Not A Suitcase In Sight.

Checking into a hospital is a little similar to joining a cult. You’re no longer in charge of your own destiny, and there’s a new set of rules to follow with costumes to wear and procedures to learn. The cult will have you checking out tubes, wounds and stitches while you join an open discussion about your dressings. When you become sick or injured, what was once gross, can now be quite fascinating with a little help from the cult.

I don’t want to gross anyone out so I won’t go into too much detail, but you know when a magician begins pulling the scarves from his sleeve and they just keep coming and coming and coming? A similar thing happened to me today, but it wasn’t my sleeve. I had no idea THAT was what “packing” was when everyone talked about removing the packing. Not a suitcase in sight.

The urology ward is much the same as the maternity ward. It’s full of people without pants, people who have become used to displaying their bits and pieces on demand while discussing movements, bruising and stitches. People who have checked their dignity at the door, hoping they’ll find it somewhere on the way out before re-entering the real world. Many of them won’t, they’ll learn to live with bags, clips and drains – this is my reality for the next six weeks. And now that I’ve visited the urology ward and heard the stories, I’ve realized six weeks isn’t that long at all.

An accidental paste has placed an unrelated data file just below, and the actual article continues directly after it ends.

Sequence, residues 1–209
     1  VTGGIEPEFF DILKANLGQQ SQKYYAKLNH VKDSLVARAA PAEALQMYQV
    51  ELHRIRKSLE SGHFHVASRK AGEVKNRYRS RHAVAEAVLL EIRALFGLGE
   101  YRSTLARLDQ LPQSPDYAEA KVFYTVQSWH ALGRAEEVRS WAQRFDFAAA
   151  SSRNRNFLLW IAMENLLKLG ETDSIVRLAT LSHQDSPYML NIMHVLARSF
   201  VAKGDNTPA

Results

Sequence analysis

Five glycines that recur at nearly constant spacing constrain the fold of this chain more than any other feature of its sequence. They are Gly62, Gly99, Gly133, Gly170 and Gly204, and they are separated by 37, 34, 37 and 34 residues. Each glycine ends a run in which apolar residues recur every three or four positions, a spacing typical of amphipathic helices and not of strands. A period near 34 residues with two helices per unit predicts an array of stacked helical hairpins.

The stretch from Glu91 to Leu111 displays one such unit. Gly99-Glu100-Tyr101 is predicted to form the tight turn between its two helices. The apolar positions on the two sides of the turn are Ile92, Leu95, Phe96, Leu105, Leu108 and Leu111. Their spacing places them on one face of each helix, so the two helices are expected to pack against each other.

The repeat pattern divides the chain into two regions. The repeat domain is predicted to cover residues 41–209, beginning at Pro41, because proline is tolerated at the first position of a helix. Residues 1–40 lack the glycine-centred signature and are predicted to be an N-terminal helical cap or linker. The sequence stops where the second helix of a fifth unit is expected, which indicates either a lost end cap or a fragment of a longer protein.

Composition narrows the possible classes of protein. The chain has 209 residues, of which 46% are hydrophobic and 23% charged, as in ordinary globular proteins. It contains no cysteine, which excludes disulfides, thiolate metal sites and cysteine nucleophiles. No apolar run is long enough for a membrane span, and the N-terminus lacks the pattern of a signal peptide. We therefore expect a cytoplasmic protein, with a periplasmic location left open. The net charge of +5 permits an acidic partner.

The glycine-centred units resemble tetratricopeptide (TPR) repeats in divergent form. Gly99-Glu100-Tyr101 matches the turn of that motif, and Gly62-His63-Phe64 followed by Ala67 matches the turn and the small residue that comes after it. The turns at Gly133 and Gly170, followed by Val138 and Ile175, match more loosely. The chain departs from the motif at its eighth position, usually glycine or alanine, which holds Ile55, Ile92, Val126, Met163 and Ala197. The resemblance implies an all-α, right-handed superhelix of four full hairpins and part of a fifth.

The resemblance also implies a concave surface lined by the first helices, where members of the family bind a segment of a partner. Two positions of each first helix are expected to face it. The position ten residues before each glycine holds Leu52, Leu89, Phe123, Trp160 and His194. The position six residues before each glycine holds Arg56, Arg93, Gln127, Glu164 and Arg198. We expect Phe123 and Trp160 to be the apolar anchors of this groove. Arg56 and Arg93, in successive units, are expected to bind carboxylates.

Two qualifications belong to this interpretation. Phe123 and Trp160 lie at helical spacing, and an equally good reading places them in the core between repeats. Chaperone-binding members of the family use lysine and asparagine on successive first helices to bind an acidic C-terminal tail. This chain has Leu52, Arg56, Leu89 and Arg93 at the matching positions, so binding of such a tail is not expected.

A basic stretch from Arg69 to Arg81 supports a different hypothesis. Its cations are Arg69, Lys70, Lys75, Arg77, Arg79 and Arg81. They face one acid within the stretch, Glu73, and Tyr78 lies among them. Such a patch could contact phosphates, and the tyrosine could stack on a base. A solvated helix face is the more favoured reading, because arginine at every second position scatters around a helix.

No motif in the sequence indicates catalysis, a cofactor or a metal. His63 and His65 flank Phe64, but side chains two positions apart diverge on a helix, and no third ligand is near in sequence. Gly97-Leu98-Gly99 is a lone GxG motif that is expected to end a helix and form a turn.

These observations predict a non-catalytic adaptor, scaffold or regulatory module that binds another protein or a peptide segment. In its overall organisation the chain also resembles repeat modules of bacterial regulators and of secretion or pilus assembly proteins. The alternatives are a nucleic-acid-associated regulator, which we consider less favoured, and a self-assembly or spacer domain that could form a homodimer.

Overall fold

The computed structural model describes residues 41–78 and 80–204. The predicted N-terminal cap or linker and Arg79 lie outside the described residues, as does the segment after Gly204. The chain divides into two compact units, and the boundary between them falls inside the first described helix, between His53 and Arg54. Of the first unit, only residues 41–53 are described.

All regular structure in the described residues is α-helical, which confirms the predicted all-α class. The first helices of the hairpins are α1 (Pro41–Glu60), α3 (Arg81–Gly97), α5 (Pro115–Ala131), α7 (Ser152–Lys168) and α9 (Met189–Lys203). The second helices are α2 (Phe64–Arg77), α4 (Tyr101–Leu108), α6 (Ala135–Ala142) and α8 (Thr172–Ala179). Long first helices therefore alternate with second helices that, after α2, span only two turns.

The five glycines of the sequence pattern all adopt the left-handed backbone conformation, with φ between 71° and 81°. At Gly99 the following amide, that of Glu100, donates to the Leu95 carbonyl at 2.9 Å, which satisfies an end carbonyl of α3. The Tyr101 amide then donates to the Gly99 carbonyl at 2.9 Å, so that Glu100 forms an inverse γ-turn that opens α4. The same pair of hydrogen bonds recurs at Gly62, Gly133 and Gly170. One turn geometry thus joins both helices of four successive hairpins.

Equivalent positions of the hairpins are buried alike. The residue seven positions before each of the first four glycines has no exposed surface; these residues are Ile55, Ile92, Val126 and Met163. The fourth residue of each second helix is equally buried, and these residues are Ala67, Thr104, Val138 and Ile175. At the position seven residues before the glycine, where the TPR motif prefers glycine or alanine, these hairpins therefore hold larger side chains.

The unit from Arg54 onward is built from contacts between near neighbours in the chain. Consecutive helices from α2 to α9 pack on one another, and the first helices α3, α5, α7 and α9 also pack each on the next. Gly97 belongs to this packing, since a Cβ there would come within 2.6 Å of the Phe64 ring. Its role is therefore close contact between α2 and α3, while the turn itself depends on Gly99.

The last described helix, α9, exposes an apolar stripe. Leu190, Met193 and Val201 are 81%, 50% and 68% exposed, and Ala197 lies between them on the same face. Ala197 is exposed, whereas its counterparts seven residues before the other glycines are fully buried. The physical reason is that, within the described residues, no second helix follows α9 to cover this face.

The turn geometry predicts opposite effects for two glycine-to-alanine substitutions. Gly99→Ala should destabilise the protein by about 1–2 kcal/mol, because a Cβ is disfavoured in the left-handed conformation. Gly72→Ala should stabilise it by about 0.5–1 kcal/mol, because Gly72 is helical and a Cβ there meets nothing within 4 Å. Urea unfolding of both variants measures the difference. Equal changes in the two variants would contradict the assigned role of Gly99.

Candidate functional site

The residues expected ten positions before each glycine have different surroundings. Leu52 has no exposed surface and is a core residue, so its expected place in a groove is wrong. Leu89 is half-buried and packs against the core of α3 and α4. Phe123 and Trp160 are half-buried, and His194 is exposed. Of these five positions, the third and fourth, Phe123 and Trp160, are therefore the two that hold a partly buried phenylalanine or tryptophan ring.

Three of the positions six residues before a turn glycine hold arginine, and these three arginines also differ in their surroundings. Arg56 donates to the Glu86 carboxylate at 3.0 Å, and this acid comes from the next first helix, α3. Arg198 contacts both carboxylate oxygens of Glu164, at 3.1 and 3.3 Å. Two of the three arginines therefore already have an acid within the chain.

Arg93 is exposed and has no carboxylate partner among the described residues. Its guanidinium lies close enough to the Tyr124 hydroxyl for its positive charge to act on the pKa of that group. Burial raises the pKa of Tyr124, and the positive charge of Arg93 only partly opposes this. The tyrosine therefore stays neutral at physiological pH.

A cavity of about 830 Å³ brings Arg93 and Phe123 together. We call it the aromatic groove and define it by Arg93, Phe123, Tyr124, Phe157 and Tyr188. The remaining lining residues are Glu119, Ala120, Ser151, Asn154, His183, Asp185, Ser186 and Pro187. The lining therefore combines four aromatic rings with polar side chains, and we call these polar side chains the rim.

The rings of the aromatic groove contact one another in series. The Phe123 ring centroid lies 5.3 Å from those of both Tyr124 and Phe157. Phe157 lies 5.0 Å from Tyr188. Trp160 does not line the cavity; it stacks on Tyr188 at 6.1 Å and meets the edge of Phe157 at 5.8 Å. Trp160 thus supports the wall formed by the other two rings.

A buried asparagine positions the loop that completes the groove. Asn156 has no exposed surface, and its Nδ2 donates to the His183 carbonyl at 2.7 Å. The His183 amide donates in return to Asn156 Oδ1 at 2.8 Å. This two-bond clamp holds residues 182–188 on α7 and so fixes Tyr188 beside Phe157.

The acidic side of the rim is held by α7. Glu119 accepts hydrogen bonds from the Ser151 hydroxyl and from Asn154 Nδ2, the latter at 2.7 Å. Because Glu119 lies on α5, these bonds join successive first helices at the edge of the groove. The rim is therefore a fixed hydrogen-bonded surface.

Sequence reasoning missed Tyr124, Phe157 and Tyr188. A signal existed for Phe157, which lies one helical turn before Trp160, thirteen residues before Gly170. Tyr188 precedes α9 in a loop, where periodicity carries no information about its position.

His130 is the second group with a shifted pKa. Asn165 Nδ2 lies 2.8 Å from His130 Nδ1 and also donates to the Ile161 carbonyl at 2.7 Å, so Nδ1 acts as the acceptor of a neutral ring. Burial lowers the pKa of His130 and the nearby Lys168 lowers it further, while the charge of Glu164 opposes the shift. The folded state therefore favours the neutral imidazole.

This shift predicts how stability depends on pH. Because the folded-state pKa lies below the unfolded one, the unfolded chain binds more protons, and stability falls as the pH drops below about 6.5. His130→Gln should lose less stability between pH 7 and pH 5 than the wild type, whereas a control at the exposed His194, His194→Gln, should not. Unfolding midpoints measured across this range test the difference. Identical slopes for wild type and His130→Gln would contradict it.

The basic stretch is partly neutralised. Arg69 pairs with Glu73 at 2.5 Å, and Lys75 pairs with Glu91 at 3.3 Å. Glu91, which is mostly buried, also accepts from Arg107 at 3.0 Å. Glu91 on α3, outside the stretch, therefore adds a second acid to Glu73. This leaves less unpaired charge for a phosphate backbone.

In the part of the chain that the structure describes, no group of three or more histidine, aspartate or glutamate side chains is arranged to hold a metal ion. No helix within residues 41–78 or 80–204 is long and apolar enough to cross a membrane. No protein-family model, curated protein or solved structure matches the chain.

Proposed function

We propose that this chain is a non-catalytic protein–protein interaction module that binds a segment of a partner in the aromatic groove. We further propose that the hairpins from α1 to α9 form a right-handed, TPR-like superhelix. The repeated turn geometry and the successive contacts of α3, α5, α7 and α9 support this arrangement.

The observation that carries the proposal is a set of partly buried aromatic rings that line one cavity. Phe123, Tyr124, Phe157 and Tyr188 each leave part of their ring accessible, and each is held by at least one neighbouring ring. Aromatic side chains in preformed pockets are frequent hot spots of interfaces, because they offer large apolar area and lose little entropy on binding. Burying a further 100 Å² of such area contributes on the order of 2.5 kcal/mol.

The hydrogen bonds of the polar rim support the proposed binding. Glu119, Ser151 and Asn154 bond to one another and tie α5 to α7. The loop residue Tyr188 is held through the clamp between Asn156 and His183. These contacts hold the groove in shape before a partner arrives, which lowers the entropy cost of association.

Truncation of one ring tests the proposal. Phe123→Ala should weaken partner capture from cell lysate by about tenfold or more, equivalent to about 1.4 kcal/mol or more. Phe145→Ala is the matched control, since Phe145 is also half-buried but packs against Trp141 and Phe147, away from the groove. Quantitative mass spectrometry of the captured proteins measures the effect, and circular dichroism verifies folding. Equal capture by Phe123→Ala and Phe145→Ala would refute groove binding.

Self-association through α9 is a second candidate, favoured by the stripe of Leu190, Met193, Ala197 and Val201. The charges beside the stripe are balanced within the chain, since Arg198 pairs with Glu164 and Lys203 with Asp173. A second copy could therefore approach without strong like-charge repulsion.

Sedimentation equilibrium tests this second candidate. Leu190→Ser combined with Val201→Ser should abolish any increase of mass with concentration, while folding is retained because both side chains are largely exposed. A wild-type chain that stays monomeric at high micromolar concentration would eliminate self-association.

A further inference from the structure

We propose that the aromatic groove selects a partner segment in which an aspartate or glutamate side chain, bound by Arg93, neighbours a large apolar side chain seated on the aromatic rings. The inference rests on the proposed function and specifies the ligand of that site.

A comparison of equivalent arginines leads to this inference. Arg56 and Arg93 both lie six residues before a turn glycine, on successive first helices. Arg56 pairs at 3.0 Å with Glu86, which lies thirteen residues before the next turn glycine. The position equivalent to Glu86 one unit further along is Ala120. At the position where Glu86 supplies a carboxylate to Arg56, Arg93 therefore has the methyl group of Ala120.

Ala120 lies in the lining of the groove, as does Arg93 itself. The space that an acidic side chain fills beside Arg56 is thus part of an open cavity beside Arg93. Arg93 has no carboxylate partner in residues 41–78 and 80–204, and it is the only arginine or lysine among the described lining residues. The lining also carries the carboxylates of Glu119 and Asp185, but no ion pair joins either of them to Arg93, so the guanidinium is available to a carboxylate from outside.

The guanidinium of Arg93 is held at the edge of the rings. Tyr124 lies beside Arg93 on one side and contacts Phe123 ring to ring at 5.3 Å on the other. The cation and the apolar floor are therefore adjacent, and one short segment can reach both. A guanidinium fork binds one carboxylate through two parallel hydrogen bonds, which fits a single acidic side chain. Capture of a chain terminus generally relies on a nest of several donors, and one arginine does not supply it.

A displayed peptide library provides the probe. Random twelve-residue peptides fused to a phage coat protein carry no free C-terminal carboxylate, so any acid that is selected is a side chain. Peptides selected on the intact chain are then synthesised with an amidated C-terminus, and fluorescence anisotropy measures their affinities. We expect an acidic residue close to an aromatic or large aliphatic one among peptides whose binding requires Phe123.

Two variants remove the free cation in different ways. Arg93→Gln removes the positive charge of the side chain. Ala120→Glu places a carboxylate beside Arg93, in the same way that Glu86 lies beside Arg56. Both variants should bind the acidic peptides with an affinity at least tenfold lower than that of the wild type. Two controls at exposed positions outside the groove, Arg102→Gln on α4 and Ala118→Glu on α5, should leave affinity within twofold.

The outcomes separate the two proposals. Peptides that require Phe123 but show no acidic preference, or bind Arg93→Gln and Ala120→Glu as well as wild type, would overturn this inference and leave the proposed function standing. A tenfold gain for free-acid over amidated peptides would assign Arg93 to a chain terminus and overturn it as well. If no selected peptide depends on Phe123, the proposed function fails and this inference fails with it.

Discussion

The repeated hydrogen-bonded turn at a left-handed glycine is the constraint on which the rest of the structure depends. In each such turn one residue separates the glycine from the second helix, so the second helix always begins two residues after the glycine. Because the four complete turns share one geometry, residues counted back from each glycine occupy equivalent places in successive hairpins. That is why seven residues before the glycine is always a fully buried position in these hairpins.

I’ve met many nurses on a two hourly schedule over the past few days. After four and half hours of surgery, “just here to take your obs” has arrived with the same regularity as a newborn screaming for a feed. Each nurse was fabulous at making me feel comfortable, and interested in how I came to be there. We’ve discussed family, travel, health, and whatever happened to be playing in the background on the telly. I’ve learnt that if you write a post about hanging on to your labia, you’ve made a nurse friend for life in the urology ward “we see people throwing them in the bin all the time in plastics, while in the room across the hall someone has used one to save their urethra”.

It took some convincing but eventually the cult let me go. After a lengthy catheter demonstration and some “light” reading material was run through, I felt proficient enough in how to attach a catheter without causing myself some serious public embarrassment. Discussions were had, and eventually they unrolled the pressure stockings, pulled out the IV’s and served me my last luke warm tea. Room 211 and I said goodbye.

It’s done. The operation is over. Two major things happened this week; I woke up, and my children made it home from school safely without me.

We’re over the scary bits and we’re moving along, very tenderly, but we’re moving along.

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